It’s never going to be one particular voice, is it? It has to be the recognition that there are diverse voices who can change and move the hearts and minds of people. I remember, right in the eleventh hour, before the vote went down, there was a politician who was Māori and didn’t want to talk to us, who were European [New Zealanders]. He wanted to talk to Māori. And Māori in our organization were able to talk to him.
Ours is a secondary voice [that] becomes immediately dismissed in favor of people who have probably never been inside a brothel. All things play a part and community leaders are very important. The researchers, the heads of other organizations; they’re all very important. But the authentic voice, the people who have been living the experience, is utterly crucial.
Have there been efforts to repeal the Prostitution Reform Act and re-criminalize sex work?
There have been political attempts to challenge the law. In February, for instance, there was a bill that went through the Parliament in various forms to try to reconstruct street-based sex work and create zones [where prostitution would be banned]. We don’t have zoned street-based sex work, so that’s quite radical. There were a few quite heated debates around it, but 109 of the politicians voted it out, which is great.
What is still left to be done in New Zealand around sex workers’ rights?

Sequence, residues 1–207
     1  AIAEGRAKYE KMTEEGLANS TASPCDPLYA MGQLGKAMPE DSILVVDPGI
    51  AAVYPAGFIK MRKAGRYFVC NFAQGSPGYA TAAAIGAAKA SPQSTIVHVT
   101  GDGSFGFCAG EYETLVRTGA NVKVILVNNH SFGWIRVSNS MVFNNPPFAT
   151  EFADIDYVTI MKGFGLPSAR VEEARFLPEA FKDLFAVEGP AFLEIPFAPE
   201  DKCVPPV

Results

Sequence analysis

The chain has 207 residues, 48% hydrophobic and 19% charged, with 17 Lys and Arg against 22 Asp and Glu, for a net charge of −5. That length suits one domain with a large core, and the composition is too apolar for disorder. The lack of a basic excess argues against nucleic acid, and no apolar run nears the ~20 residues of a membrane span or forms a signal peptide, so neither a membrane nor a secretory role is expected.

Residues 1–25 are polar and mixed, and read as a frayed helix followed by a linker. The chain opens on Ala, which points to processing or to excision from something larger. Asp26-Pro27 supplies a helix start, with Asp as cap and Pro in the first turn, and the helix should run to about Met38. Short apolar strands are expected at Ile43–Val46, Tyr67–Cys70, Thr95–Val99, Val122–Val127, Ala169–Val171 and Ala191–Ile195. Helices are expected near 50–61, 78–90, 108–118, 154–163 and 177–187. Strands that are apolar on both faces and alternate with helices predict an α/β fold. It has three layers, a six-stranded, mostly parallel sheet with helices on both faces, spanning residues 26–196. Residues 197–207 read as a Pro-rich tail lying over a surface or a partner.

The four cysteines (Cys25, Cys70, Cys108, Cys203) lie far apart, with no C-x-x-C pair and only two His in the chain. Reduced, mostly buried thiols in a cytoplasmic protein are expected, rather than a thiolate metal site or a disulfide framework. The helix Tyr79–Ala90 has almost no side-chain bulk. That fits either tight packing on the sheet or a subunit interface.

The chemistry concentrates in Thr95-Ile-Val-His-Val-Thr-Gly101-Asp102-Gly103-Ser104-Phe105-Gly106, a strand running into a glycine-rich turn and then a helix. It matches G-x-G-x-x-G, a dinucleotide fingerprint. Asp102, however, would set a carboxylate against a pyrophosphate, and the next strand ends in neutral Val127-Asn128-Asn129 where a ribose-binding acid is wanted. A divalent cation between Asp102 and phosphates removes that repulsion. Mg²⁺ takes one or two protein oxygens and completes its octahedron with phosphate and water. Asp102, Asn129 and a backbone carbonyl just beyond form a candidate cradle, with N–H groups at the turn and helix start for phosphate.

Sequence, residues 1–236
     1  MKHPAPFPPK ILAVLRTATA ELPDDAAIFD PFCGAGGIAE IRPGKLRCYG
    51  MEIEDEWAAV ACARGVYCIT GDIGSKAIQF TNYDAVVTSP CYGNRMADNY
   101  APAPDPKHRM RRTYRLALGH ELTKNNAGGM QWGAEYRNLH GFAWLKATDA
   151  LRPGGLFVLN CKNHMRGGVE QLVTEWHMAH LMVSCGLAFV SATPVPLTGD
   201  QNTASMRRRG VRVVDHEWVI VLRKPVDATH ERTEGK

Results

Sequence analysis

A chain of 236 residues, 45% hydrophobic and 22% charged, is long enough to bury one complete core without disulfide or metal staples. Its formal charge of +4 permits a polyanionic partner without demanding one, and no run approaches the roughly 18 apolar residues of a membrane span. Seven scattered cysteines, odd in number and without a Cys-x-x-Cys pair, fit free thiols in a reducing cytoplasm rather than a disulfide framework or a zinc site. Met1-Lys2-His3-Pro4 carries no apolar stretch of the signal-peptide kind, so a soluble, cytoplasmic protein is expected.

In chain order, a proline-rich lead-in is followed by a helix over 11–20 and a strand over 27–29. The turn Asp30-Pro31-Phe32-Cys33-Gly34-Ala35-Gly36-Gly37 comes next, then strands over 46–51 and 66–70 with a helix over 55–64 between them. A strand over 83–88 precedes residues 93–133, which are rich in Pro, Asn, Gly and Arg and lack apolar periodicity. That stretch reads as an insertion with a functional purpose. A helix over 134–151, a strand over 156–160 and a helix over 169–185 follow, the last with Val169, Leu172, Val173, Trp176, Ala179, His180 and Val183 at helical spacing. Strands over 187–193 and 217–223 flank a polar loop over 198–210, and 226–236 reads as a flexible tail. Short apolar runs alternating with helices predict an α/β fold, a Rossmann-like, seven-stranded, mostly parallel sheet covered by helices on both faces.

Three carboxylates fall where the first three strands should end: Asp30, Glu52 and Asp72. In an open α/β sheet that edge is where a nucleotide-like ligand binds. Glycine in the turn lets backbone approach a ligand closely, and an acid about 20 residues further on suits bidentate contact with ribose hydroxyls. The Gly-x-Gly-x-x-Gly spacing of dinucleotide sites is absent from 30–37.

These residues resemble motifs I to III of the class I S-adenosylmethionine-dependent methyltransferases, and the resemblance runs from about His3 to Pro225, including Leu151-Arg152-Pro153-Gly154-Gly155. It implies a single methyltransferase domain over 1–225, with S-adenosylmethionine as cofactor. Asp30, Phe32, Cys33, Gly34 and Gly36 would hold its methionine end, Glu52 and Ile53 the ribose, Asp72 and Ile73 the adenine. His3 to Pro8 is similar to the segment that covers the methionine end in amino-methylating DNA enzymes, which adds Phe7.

There was a discriminatory piece put in the PRA that has created a problem for us. If you come here to study, you can work in most occupations, but not sex work. So we do have a situation where international students, who are studying here and who are sex workers are afraid that they might get found out and deported. So we’re concerned about migrant [sex workers] being made more vulnerable.
But having said that, decriminalization means that more people are able to speak out, so we tend to get clients who are whistleblowers who will say, “Look, I’m not sure if she was free to come and go, can you guys check it out?”
Do you see that happen quite a bit, clients being whistleblowers of situations they suspect could be coerced?
Enough for us to say it’s a positive outcome of decriminalization. Because people have an expectation that things should be working well, and that sex workers should be in a good position. So there’s the raising of the bar.
New Zealand stands as the only country that’s decriminalized most aspects of sex work. You can keep a brothel, you can hire sex workers. It’s really important that that is decriminalized, so that people know exactly what they’re getting into. As opposed to presenting to a massage parlor, which used to happen in my day, and thinking that your job was going to involve massage. I kid you not.
People should look hard at this model. And I don’t want to say it’s perfect, because it’s not. It has its flaws. It’s quite a nuanced discussion, but the big issues have been addressed. It’s a working model. And it’s worked.
Related Listening: Our “Sex Work is Work” podcast explores sex workers' perspectives on decriminalization.